Tuesday, September 30, 2014

New Vehicle Technologies are Arriving Soon

    Hello, everyone. I frequently monitor the internet to survey upcoming vehicle technology, and it seems as if things are ramping up fast just lately. Several manufacturers have displayed projects showing how trucks might look and work in the next 10 to 15 years.
    Much of the focus is on autonomous operation, or self-driving trucks, as well as technologies touted to improve safety. So far, autonomous operation is presented as a way to improve safety by relieving driver fatigue. I wonder if self-driving operation will really be allowed on the roadway anytime soon. It will take a huge leap of faith for legislators and car drivers to allow big rigs to operate without full time driver control. Operation will probably be limited at first to special routes or maybe separate lanes.

                         Below are links to a few articles I have come across recently.

heavy truck 2020
mercedes benz 2015
mercedes self driving truck
IAA commercial vehicle show
mercedes blind spot assist
bendix radar
LA e highway

    The thing I always think about when I read about all these wonderful gadgets and capabilities is "who is going to fix all this stuff ?" While you read the articles think about all the sensors, cameras, wireless interfaces, and displays that a truck like those presented, will have. Some technologies are just extensions of those already in service, but some will be new or used in new ways or combinations.
     Repairing these systems may be a bigger challenge than we had when electronic engines came into service. The engine systems were developed and the service information was provided by the engine manufacturer, so one source basically had everything needed. These new systems will likely be collections of components by different suppliers, interconnected by wireless or LAN and will have software written to interface with the vehicle chassis components. How all the repair information is pulled together in one place will make a big difference in how and by whom repairs are done.
    What is obvious in all of this is that we are entering an exiting time in vehicle evolution. I was in auto repair when electronic ignition and the first computer controlled carburetors came out. Mechanics who didn't want to learn the new technology soon got out of the business or lived off the leftover brake and suspension work. We will have much the same choice to make  in the coming years.

Sunday, September 7, 2014

Are You A Mechanic or a Technician?

        Do you prefer to be called a mechanic or a technician? What intrigues me about that question is the variety of responses one encounters when the question is asked. Laypeople especially ascribe various meanings to each term, and often the definitions of each term are completely opposite from one person to another. This may not be one of the more important issues in the repair field, but it points out how language can be used (or misused) according to one’s point of view, vocation, station, or personal bias.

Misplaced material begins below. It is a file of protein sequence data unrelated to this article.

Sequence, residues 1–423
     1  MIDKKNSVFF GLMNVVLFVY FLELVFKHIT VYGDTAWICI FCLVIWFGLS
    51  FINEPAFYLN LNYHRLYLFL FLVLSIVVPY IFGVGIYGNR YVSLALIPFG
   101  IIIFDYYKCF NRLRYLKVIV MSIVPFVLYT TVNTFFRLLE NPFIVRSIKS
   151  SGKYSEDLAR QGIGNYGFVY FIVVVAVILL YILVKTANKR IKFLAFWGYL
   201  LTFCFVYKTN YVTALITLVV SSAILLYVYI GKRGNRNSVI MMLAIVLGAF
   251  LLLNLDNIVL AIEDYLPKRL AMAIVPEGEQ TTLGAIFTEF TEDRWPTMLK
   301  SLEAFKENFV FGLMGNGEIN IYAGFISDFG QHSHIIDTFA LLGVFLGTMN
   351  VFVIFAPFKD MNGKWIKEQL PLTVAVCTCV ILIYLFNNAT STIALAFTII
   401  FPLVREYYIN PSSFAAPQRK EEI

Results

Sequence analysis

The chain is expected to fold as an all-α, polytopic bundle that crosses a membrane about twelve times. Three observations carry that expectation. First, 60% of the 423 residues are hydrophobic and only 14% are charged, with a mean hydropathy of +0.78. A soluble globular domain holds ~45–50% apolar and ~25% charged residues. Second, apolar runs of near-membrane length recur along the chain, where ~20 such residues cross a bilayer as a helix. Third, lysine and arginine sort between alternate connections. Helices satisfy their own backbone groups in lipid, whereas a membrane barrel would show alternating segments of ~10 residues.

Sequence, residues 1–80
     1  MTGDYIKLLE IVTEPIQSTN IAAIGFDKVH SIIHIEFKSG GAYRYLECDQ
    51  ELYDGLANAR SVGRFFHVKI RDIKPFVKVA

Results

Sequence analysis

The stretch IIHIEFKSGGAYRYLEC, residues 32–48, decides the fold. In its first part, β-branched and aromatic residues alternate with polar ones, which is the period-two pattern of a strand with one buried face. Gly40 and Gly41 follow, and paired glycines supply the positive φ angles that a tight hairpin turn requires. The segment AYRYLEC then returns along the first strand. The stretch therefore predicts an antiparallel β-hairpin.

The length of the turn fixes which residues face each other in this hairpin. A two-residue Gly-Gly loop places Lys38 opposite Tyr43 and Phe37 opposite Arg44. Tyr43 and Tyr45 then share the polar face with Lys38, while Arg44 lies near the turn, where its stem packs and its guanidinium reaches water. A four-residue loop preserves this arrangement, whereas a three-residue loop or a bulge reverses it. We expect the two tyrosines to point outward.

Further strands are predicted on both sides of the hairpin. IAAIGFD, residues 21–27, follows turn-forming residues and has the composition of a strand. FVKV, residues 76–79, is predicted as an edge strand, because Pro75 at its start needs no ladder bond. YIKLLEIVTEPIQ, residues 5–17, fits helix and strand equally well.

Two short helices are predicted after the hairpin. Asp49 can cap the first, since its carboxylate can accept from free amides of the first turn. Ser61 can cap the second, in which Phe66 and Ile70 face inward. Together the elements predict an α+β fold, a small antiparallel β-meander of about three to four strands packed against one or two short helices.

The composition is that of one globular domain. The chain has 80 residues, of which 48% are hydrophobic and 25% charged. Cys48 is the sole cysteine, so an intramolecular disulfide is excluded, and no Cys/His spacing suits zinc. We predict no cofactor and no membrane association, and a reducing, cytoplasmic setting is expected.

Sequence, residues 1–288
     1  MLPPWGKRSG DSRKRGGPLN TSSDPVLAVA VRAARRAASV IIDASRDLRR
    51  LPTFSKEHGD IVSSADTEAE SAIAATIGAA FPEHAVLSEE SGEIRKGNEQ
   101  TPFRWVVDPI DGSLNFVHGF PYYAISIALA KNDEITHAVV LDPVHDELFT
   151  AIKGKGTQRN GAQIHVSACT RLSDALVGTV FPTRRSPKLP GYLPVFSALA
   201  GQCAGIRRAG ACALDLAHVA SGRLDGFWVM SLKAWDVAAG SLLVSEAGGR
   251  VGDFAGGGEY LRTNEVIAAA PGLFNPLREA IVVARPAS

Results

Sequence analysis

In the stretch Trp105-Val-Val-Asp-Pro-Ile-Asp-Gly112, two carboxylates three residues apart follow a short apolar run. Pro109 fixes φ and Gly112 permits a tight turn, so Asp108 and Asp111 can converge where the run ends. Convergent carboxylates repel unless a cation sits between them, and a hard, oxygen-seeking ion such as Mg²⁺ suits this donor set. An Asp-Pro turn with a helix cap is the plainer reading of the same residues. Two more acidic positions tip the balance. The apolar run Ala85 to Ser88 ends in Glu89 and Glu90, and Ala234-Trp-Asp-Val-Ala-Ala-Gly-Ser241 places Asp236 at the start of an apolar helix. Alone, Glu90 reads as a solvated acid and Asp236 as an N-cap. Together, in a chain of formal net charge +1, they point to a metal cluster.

One view I often see is that a technician is more accomplished or knowledgeable than a “mere” mechanic. Often what is meant is that a technician is adept at using technology (computers or scanners) to help diagnose and repair modern, processor-controlled vehicles. By extension, this must mean that we are “better” repair people than our predecessors who worked on earlier technology. This is ludicrous, of course. A person’s skill in any endeavor can only be judged against his contemporaries. A great wide receiver who played 20 years ago would still be among the best, if he was born in the modern era.

Maybe one problem is the perceived meaning of the word “technology”. Today we tend to use the word to mean computer-related devices and systems but traditionally, it refers to the collection of tools, including machinery, modifications, arrangements and procedures used by humans. http://en.wikipedia.org/wiki/Technology Thousands of years ago technology was a rock bound to a stick and the use of fire. Until the 1970’s auto technology was carburetors, breaker point ignition, and drum brakes. Maybe the word technician just sounds better, and more modern to some people.

I guess it’s obvious I prefer to be called a mechanic. One issue I have with being called a technician is that there are so many different kinds of techs in many different fields. There are EMT’s, computer techs, quality control techs, and engineering techs, to name just a few. Mechanics, on the other hand, are understood to be repairers of vehicles (or aircraft). I also see the nature of the work as being different. Many technicians follow a fairly rigidly prescribed process or procedure to arrive at a solution or a verifiable result. Lab techs need to exactly follow a set procedure on a given sample to ensure that the result of the test is correct and unambiguous. A mechanic has a process to follow during diagnostic and repair, but that process is changed or modified as circumstances dictate. Imagine if an EMT decided to change a procedure during an emergency situation. I realize that some technician jobs approach or closely resemble the duties of a mechanic. A cleanroom Process Technician for example, is a mechanic who repairs and adjusts vacuum systems and process chambers where electronic chips are manufactured.

 It is only my opinion but I feel the term "mechanic" is more descriptive of the work, and I don’t see the need to “dress up” or legitimize my vocation with a new title. Maybe I’m old school, but I do believe in using precise language when specific descriptions are needed.


Friday, September 5, 2014

A milestone for The Toolbox

Hello everyone.
On September 5, 2014 The Toolbox reached the milestone of 50.000 page views.
Thanks to all who stopped by to check it out.


Graph of Blogger page views